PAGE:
[xviii] See, e.g., Curtis 1000, Inc. v. Martin, 197 F. App’x 412, 423 (6th Cir. 2006) (holding that Tennessee law required enforcement of restrictive covenant prohibiting former employees from “accepting” business from former clients); Pulse Techs., Inc. v. Dodrill, No. CV-07-65-ST, 2007 WL 789434, at *12 (D. Or. Mar. 14, 2007) (court ordered preliminary injunction prohibiting former employee from “accepting business from, doing business with” former employer’s clients); Spitz, Sullivan, Wachtel & Falcetta v. Murphy, No. CV-86-0322422, 1991 WL 112718, at *6 (Conn. Super. Ct. June 13,1991) (restrictive covenant preventing former employee from servicing former clients enforced because former employee “cited no Connecticut precedent which renders such an agreement unenforceable merely because it prohibits a former employee from servicing unsolicited clients of his former employer”); Env’t Servs., Inc. v. Carter, 9 So. 3d 1258, 1266 (Fla. Dist. Ct. App. 2009) (“[R]egardless of who initiated the contact, the agreements clearly prevent the former employees from “[performing] services for any current, former or prospective customers [] with whom employer had any business-related contact (contact intended to advance the Company’s business interests) during his/her employment with the Company.”); McRand, Inc. v. Van Beelen, 486 N.E.2d 1306, 1315 (111. App. Ct. 1985) (restrictive covenant preventing former employee from servicing plaintiff’s customers upheld to the extent that defendant had developed a relationship with customers while employed by plaintiff); Tuttle v. Riggs-Warfield-Roloson, Inc., 246 A.2d 588, 590 (Md. 1968) (the court held that a non-solicitation agreement which stated “that in the event of termination of your employment . . . you will refrain . . . from engaging either directly or indirectly, in any insurance activities with customers of Riggs-Warfield-Roloson, Inc” did not limit former employee’s obligation to refrain from soliciting accounts, but it did prevent him from participating in any type of insurance activity with former clients; Am. Pamcor, Inc. v. Klote, 438 S.W.2d 287, 291 (Mo. Ct. App. 1969) (injunctive relief granted to prevent former employee from “accept[ing] business” from employer’s customers in violation of non-solicitation clause); Uniform Rental Div., Inc. v. Moreno, 83 A.D.2d 629 (N.Y. App. Div. 1981) (affirming employer’s restrictive covenant that prohibited former employee from servicing former clients directly or indirectly “because of the narrowness and short duration”); Bates Chevrolet Corp. v. Haven Chevrolet, Inc., 13 A.D.2d 27 (N.Y. App. Div. 1961) (injunctive relief granted to enforce restrictive covenant that “forbade [former employee] from soliciting or accepting business from anyone who was or became [former employer’s] customer during the period of [former employee’s] employment).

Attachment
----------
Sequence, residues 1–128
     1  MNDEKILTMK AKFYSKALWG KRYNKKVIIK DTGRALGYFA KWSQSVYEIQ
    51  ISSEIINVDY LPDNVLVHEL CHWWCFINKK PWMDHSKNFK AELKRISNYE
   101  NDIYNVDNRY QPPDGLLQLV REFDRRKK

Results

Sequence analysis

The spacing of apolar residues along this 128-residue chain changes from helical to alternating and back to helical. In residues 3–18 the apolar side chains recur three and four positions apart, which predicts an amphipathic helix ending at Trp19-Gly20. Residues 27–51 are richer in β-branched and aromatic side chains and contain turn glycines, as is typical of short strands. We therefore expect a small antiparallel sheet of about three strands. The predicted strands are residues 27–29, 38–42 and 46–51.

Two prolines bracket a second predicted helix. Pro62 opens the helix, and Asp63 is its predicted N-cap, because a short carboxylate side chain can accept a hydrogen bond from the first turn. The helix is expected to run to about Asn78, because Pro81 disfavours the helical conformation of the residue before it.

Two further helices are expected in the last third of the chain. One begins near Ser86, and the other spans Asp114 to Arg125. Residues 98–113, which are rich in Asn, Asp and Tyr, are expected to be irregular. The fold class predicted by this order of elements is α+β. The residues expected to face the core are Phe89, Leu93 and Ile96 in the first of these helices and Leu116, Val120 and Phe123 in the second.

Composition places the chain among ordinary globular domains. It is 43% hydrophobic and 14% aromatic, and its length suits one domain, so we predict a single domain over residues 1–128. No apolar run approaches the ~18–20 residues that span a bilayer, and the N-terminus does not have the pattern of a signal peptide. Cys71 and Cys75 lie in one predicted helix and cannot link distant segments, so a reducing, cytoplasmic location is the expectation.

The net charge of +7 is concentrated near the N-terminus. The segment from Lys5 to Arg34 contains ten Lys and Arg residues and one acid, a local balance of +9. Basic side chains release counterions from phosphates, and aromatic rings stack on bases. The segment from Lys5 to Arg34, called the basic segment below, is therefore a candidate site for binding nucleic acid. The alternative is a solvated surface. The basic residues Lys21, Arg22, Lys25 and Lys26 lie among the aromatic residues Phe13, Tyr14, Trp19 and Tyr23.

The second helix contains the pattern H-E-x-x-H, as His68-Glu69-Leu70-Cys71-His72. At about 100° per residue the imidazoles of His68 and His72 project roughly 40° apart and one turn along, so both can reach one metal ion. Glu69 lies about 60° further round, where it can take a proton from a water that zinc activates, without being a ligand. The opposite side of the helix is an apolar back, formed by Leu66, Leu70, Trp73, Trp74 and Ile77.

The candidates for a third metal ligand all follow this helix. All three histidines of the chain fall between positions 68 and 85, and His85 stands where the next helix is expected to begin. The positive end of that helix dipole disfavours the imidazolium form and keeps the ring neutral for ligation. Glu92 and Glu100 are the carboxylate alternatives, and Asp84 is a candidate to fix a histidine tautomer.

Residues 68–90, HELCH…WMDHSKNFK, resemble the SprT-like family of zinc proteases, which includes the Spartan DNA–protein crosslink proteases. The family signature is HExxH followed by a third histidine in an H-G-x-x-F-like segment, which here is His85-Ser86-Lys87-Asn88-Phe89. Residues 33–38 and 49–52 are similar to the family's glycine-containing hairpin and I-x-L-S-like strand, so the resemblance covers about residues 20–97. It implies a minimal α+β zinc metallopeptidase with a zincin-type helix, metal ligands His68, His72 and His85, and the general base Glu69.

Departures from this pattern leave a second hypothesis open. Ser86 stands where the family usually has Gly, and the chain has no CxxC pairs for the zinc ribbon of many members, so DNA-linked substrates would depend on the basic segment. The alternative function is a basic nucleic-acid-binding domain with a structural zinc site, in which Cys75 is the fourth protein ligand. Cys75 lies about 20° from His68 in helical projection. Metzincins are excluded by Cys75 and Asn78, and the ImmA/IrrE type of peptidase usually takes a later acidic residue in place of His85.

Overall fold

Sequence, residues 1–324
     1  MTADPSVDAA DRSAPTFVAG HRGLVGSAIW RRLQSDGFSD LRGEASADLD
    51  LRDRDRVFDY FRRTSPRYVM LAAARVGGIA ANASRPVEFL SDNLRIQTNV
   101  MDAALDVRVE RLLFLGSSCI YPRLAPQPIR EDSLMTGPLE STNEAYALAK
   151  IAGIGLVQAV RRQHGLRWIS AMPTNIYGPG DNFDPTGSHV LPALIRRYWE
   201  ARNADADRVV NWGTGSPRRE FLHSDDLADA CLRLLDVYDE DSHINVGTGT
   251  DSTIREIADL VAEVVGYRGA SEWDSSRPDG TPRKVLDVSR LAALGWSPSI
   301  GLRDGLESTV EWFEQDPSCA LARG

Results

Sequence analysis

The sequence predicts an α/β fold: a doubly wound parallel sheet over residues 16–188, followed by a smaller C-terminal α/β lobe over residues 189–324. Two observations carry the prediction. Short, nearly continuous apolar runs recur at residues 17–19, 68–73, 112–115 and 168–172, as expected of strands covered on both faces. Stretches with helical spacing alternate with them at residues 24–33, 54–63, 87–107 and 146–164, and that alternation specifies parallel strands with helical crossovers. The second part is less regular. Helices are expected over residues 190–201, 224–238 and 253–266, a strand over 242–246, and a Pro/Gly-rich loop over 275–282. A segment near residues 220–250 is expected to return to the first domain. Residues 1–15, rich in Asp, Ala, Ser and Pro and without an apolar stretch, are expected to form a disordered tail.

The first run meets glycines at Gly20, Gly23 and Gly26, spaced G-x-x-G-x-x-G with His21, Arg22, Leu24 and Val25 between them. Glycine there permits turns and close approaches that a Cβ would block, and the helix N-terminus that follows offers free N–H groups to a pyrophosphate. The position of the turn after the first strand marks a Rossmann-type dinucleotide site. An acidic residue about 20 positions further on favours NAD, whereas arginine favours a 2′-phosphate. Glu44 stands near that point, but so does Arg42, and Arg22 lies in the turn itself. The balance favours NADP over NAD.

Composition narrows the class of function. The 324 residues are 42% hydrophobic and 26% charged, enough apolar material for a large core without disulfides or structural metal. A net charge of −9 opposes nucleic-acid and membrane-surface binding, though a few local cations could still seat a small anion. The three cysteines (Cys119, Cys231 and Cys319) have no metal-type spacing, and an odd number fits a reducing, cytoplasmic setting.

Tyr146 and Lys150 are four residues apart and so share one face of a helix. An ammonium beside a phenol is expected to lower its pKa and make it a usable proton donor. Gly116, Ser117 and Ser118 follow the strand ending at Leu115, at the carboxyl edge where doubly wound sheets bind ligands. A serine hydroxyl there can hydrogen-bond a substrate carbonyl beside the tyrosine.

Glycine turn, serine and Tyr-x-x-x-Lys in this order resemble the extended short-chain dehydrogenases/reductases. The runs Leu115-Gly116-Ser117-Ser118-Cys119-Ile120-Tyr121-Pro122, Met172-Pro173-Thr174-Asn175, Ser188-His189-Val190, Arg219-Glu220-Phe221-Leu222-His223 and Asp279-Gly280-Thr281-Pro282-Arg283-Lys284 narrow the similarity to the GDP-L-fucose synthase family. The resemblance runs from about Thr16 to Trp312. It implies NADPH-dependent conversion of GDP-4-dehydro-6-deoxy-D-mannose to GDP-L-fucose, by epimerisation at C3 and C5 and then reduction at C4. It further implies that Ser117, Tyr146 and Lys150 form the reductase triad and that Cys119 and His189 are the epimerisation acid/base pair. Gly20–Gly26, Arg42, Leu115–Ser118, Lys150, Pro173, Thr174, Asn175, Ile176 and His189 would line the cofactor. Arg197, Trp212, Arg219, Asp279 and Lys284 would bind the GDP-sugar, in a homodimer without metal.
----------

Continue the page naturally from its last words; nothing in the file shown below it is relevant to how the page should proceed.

[xix] Merrill Corp. v. R.R. Donnelley & Sons Co., 2008 WL 3162490, *1 (D. Minn. Aug. 1, 2008).

[xx] Sysdyne Corp v. Rousslang, No. A13-0898, 2014 WL 902713, *1 (Minn. Ct. App. March 10, 2014) (unpublished).

[xxi] Id. at *2-4.

[xxii] Tata Consultancy Servs. v. Sys. Int’l, Inc., 31 F.3d 416, 424–25 (6th Cir. 1994) (“There is no testimony in this record from which it can be asserted or inferred that the corporate defendant approached, solicited or induced the breach of contract . . . On the contrary, the approach appears to have been made wholly from the other direction.”). Arthur J. Gallagher & Co. v. Lang, No. C 14-0909 CW, 2014 WL 2195062, at *4 (N.D. Cal. May 23, 2014) (holding that solicitation requires the active inducement of former colleagues to leave their current employment). Slicex, Inc. v. Aeroflex Colorado Springs, Inc., No. 2:04-CV-615, 2006 WL 2088282, at *3 (D. Utah, July 25, 2006) (breach of non-solicitation covenant requires “Defendant to take specific, directed action to hire away one of Plaintiff’s employees.”); see also Wolverine, Proctor & Schwatrz, Inc. v. Aeroglide, Corp., 402 F. Supp. 2d 365, 371 (D. Mass. 2005) (when allegedly solicited employee makes initial contact, through a friend, and defendant “merely responded” to this contact, “there is no direct, or indirect solicitation.”); Inland American Winston Hotels, Inc. v. Crockett, 712 S.E.2d 366, 368-72 (N.C. App. 2011) (“solicit, recruit or induce” …involve active persuasion, request or petition;”  extending a job offer after individual seeks employment does not constitute breach; solicitation breach claim dismissed on summary judgment). Sunbelt Rentals, Inc. v. Victor, No. C 13-4240 SBA, 2014 WL 492364, at *9 (N.D. Cal. Feb. 5, 2014). In Sunbelt Rentals, Inc., the Court found that an employee’s text message asking his manager if his former colleague could contact him was insufficient evidence of solicitation. Id. (denying motion for preliminary injunction against a former employee). Without evidence of a “nefarious motive” on the part of the former employee, the Court refused to find that the communication arose to solicitation. Id.

[xxiii] See, e.g. Webb Publishing Co. v. Fosshage, 426 N.W.2d 445, 449-450 (Minn. Ct. App. 1988).

[xxiv] Schwan’s Consumer Brands North America, Inc. v. Home Run Inn, Inc., No. 05-2763 (DWF/JJG), 2005 WL 3434376 (D. Minn. 2005).

[xxv] Frank B. Hall & Co. v. Alexander & Alexander, Inc., 974 F.2d 1020, 1024, n.5 (8th Cir. 1992).

[xxvi] ReliaStar Life Insurance Co. v. KMG America Corp., No. A05-2079, 2006 WL 2529760 (Minn. Ct. App. Sept. 5, 2006).

[xxvii] C.H. Robinson Worldwide, Inc. v. Kratt, No. 27-CV-1216003, 2013 WL 6222078 (Henn. Co. Dist. Ct., 4th Judicial Dist. of Minn., Jan. 17, 2013).

[xxviii] Id. at *24.

[xxix] See, e.g. St. Jude Medical, S.C., Inc. v. Biosense Webster, Inc., 818 F.3d 785 (8th Cir. 2016) (affirming damages for “lost profits” arising from tortious interference by hiring employee with “term of years” contract).

[xxx] Sorin Group USA, Inc. v. St. Jude Medical, S.C., No. 14-4023 (JRT/JSM), 2016 WL 1301086 (Minn. 2016).

[xxxi] Central States Indus. Supply, Inc. v. McCullough, 279 F. Supp. 2d 1005 (N.D. Iowa 2003) (citing Massachusetts law).

[xxxii] The Manitowoc Company v. Lanning, No. 2105-AP-1530, 2016 WL 4370181 (Wis. Ct. App. Aug. 17, 2016).

[xxxiii] Mo. Rev. Stat. § 431.202.

[xxxiv] See H & R Block Enterprises, Inc. v. Short, No. Civ. 06-608 (JNE/JJG), 2006 WL 3437491 (D. Minn. 2006) (applying Missouri law).

[xxxv] Protection against misappropriation of trade secrets is codified in the Minnesota Trade Secrets Act, Minn. Stat. §§ 325C.01-08, as well as the federal Defend Trade Secrets Act, 18 U.S.C. §§ 1836, et seq.

[xxxvi] Jostens, Inc. v. National Computer Sys., Inc., 318 N.W.2d 691, 700 (Minn. 1982).

[xxxvii] McLaren Macomb, 372 NLRB No. 58 (2023).